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  • Our schedule is usually every other Thursday evening for patches or minor version upgrades. Usually one Saturday a quarter for a major release. The thinking for Thursday is that we have Friday to fix anything or rollback and then the weekend if needed, but since they are only minor releases, fixes/rollbacks are usually fairly quick (and rare). Major releases on Saturday's get the affected user community in to test the move to production, allowing part of Saturday/all of Sunday to fix or rollback. It works for us.

    -- You can't be late until you show up.

  • Well, we are too small to need to worry about these things. One server with a 10 gb database, if I need to do some maintenance I normally first do it on a test database and check how long it takes etc. then I let the managers know and I can actually do that in working hours and stop all users from working mostly 1/2 an hour. Major stuf does not happen much but then we do it after hours or weekends.

    :-PManie Verster
    South Africa

    I can do all things through Christ who strengthens me. - Holy Bible
    I am a man of fixed and unbending principles, the first of which is to be flexible at all times. - Everett Mckinley Dirkson (Well, I am trying. - Manie Verster)

  • I work at a fortune 50 company but we are pretty decentralized. For our IT dept. we are forbidden from weekend upgrades. As long as it is a scheduled update at least 2 days out we have a window nightly (Tues- Fri) from 2:05 AM until 5:55 AM.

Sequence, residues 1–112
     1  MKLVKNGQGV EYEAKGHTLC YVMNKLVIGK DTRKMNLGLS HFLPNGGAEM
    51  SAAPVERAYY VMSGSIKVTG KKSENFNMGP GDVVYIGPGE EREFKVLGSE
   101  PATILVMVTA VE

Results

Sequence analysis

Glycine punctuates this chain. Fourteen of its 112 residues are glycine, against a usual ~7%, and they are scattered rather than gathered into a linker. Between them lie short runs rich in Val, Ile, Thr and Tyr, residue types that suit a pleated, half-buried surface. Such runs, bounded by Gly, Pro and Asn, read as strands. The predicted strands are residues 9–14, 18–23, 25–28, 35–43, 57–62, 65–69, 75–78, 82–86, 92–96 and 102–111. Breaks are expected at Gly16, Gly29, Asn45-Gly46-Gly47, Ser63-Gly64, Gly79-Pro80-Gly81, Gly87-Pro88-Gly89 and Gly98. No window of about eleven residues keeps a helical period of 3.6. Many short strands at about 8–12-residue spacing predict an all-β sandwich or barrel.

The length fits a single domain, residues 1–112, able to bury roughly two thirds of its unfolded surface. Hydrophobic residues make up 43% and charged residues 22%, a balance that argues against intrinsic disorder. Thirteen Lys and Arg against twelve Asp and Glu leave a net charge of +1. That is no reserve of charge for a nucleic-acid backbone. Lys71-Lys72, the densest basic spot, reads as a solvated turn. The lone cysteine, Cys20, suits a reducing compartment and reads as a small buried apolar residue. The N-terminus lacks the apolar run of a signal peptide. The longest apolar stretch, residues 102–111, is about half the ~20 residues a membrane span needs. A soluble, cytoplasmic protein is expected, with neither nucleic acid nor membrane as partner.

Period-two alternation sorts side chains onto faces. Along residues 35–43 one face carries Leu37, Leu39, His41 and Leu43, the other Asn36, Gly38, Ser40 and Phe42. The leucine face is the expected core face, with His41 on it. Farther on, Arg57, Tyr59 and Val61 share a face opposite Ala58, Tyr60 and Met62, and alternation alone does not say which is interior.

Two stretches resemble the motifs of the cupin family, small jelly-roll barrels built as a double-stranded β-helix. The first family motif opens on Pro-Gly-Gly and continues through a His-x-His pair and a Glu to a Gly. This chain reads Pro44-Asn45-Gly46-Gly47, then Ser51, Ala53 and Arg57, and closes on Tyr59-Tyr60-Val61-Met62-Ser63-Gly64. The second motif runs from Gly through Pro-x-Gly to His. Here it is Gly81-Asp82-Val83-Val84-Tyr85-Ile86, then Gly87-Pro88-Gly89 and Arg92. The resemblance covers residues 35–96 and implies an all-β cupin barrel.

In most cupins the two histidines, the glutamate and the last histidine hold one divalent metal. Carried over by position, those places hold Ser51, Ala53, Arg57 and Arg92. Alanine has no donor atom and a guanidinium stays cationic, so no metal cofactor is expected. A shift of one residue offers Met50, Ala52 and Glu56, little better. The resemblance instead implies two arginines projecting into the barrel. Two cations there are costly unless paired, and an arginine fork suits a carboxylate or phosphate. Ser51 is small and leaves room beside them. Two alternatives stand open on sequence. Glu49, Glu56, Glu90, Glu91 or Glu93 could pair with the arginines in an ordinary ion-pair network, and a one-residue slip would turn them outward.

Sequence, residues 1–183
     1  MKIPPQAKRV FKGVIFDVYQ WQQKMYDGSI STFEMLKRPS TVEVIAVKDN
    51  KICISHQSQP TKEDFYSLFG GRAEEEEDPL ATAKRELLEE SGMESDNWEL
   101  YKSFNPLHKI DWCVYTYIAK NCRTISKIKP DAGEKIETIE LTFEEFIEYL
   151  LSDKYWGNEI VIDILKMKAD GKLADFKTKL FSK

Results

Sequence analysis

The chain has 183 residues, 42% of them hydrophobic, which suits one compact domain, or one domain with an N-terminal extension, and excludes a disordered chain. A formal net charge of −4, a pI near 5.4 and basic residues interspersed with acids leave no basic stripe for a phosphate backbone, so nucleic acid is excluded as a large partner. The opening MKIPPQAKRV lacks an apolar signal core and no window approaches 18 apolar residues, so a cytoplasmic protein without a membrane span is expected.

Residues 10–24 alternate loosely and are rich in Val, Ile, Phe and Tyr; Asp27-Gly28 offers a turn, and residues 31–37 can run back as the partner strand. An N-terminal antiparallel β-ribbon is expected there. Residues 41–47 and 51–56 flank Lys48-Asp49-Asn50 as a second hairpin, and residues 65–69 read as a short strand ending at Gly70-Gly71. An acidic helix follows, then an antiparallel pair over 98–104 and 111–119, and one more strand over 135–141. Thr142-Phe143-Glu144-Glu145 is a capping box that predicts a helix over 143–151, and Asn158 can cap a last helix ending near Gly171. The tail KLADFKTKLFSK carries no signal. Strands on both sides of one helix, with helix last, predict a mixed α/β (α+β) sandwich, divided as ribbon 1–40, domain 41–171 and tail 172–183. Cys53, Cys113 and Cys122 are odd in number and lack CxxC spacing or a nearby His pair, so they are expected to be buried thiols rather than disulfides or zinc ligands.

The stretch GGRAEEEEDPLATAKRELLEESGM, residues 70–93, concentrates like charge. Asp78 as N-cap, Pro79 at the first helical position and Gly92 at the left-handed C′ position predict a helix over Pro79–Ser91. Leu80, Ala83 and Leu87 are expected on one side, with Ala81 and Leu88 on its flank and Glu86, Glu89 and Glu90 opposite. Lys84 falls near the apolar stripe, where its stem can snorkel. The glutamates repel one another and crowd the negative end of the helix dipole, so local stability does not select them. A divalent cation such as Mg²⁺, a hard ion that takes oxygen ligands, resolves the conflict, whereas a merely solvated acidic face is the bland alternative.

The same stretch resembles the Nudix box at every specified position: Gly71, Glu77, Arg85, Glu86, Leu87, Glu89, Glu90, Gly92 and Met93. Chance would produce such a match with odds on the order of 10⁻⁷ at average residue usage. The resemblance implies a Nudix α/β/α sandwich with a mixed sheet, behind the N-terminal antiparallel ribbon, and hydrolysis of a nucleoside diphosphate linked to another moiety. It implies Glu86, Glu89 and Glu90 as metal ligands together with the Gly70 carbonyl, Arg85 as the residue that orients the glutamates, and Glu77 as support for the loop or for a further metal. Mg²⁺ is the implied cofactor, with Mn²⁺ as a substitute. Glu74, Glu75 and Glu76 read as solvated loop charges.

• Usually at lunch or near end of day when other people have left for about 30 minutes. Or during employee break time for those that run 24/7. Never on weekends. The only thing that needs to be done on weekends or a holiday is to schedule a full reindex of the databases.

  • Minor software patches from the vendor get applied as released, be it weekday or weekend, at 10 p.m. CST. Major software updates get applied in TEST and ran for one week before applied to production. Then it's done Friday nights beginning at 10 p.m. CST. This allows for system testing after the update is complete and leaves us the weekend to roll back or fix should a major error occur. But that's why we run for a full week in TEST and document anything that comes up so we can be prepared for the PRODUCTION. Knock on wood, the last 4 major updates have taken only a few hours and two of those hours are spent applying MS patches.

    The software vendor publishes a weekly list of approved MS patches and those are applied only prior to major updates.

    The distance between genius and insanity is measured only by success.

  • Being a "county" staff member, our systems are on a really 'slow growth' schedule and fortunately are really stable. My biggest update time, each month, is MS critical updates for either the server OS or SQL. I like to wait until the second Sunday AFTER "MS Tuesday" to apply these updates. I normally schedule from 9:00 AM to Noon on that Sunday. Since almost all of the systems I handle must be

    available for citizen use (web servers) and county business (7:00 AM to 5:00 PM), it is very difficult

    for me to schedule any time outside of Sunday morning.

    Since I've been doing this now for about the past six years and it has turned out to be the best time for me and the users. While we do have some users that "dial in" via CITRIX at night and on weekends, it helps that CITRIX is on one of my servers as well, so there is "ALWAYS" CITRIX maintenance on those Sundays that I update the other servers.....heheheheh.